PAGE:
As someone from a social science background, my bias has always been to consider economic inclusion—microfinance in particular—as one aspect of a broader goal, that of social inclusion by virtue of an increased standard of living. By social inclusion, I mean access to education, healthcare and systems that will afford basics such as food/water/shelter. In fact, my interest in microfinance stems from the fact that it can be a powerful tool to usher people into a realm of social inclusion who would otherwise be marginalized as a result of their economic exclusion. After one month in Honduras, this general principal has been qualitatively reinforced time and time again in the stories that I’ve heard from borrowers: I borrow to feel like a productive and useful member of my community, I borrow so that I can give my children a safe home to live in, I borrow so that I can send my kids to school, I borrow to afford medicine.

Even if you don’t buy into my overly-basic definitions of social and economic inclusion (after all I’m no academic), a salient question remains: how do we know that this link exists between microcredit and an increased standard of living, and therefore creates a net social benefit? Is feeling like it enough? Is anecdotal evidence enough? Probably not. Furthermore, the skeptic in me cannot help but ask what if microcredit makes no difference to the population it aims to serve or (gasp!) even does harm? It is no secret that over the years, development theory has been critiqued time and time again for doing more harm than it does good, or simply doing nothing (take a look at William Easterly for example).

However, there is hope! A French microfinance network called CERISE has developed a survey that aims to evaluate the social performance of microfinance institutions (MFIs). The tool does not measure the MFI against some internationally accepted standard, but rather against its own mission and goals. That is, if the MFI says it is primarily focused on lending to eco-friendly enterprises, CERISE aims to prove it. But there is an important distinction to make between measuring an MFI’s social performance and measure its social impact. They survey will NOT reveal the social impact of a given MFI. Currently, this sort of evaluation is still in development. (“Impact” is itself a loaded and controversial term.) However, the survey can tell you if the MFI is performing in ways that are generally beneficial to the social well being of its clientele. How exactly does this differ from impact? Here are some examples. Many of the questions ask if the MFI has a special focus on women, or offers loans specifically tailored to education. Social performance indicates how well the MFI is reaching those populations with those products, whereas impact would measure if those populations were better off due to the particular loan they received. Or, the survey aims to understand how loan officers work to prevent over-indebtedness of clients. Social performance details whether the loan officers are doing accurate risk assessments. Impact would measure how and if the protection efforts had bettered the lives of those individuals (or something along those lines).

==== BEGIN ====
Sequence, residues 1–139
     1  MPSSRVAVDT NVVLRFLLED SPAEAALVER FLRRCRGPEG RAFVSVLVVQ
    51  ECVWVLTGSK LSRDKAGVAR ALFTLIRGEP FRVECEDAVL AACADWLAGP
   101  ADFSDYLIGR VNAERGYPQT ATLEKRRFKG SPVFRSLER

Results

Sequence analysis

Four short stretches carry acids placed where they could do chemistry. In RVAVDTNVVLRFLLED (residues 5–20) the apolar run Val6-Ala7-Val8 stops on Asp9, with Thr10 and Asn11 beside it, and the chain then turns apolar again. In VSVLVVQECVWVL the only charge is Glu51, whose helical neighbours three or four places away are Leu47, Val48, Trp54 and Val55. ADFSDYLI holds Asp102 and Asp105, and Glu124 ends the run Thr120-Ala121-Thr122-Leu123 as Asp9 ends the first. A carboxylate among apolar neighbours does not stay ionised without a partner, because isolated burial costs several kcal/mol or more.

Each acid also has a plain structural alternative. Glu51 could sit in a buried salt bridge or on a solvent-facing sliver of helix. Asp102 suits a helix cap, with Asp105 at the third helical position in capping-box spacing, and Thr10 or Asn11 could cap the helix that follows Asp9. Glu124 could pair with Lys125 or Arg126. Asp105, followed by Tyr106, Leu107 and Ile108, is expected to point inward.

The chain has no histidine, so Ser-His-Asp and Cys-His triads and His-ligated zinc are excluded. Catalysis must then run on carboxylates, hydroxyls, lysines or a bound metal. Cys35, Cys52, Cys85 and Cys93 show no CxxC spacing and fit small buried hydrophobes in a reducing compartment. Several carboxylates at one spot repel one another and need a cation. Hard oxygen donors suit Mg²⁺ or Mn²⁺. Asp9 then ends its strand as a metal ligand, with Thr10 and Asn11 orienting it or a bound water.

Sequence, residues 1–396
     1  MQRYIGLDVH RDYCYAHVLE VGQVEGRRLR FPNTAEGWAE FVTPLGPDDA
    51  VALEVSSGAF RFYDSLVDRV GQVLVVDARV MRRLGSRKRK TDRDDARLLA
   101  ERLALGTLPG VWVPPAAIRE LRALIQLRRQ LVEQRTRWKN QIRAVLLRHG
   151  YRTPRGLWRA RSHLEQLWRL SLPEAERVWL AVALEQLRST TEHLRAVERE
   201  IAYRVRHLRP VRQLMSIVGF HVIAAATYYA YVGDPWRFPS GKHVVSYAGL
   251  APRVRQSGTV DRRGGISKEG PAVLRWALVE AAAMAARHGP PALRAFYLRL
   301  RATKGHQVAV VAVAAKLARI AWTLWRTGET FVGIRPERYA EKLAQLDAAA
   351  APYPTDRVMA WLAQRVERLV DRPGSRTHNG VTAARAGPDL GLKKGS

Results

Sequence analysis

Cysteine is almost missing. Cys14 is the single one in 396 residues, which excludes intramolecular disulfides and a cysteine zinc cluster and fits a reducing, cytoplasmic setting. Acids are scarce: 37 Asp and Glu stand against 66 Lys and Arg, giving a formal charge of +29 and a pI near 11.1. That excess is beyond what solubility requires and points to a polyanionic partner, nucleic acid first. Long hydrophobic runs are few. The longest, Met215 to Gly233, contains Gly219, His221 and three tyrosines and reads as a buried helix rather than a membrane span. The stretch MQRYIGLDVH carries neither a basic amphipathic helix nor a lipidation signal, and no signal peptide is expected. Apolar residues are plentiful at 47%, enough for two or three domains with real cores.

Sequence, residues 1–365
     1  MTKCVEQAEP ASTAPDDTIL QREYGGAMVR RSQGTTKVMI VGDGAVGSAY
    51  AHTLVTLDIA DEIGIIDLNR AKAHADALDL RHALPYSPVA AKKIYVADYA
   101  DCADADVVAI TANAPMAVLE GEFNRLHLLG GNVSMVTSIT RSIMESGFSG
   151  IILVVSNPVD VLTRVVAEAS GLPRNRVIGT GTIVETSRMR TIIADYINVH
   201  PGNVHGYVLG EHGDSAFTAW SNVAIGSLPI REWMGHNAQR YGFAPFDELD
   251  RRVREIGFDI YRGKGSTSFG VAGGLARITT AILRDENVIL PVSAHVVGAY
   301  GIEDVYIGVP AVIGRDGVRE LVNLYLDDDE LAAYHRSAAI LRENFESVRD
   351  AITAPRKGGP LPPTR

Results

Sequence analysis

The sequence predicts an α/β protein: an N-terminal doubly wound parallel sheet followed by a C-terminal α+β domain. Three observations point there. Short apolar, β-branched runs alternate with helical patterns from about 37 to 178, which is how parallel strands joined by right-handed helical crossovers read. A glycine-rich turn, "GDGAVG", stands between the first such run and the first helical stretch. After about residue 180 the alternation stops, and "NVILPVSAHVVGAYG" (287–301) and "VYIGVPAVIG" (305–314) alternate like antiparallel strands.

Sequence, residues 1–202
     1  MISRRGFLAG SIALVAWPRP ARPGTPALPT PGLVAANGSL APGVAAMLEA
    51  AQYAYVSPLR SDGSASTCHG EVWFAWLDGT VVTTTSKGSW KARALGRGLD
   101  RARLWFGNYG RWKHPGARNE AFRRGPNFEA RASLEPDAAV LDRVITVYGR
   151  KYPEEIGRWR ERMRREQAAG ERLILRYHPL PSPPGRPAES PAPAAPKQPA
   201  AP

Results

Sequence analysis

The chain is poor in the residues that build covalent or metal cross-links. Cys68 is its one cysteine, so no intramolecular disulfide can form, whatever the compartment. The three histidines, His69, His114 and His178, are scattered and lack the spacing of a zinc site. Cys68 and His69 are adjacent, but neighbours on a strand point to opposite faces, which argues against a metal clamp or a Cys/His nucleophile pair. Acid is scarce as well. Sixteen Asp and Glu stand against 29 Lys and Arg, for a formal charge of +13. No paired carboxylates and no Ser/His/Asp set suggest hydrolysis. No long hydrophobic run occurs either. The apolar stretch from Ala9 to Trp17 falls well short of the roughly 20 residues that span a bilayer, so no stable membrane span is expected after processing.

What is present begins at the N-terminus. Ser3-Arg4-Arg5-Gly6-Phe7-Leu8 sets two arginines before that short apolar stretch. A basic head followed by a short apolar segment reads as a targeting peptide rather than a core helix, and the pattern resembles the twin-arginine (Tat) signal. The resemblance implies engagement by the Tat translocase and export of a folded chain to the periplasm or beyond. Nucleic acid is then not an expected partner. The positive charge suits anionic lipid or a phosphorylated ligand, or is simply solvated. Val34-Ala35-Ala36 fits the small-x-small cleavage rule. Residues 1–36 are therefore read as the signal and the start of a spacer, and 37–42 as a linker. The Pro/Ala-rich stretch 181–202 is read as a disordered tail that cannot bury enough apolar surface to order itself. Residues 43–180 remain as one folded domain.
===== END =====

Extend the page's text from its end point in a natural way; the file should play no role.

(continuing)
Many members of Kiva’s current class of Fellows—myself included—have been charged with the task of completing this comprehensive survey at their MFIs. Kiva aims to have completed the survey with all of its partners by the end of the year. Although perhaps in theory it would be more satisfying to pull out the big guns and answer the impact question, let’s not forget that the social performance assessment is an immensely valuable tool. By understanding how MFIs are performing against their mission and social goals, the microfinance community gains knowledge of the practices that lead to MFI sustainability, beneficial targeting and products, and client protection. The MFI itself is also given a copy of the report to learn where it is performing as expected, and to identify areas for improvement.

On a more basic level, this quantification of social performance is exciting because it fits nicely with the stories we hear from entrepreneurs. Further, it aligns with our gut instincts—as lenders, Fellows and members of the microfinance community—that certain MFI practices not only feel right, but also are likely having a positive effect on the communities they serve.


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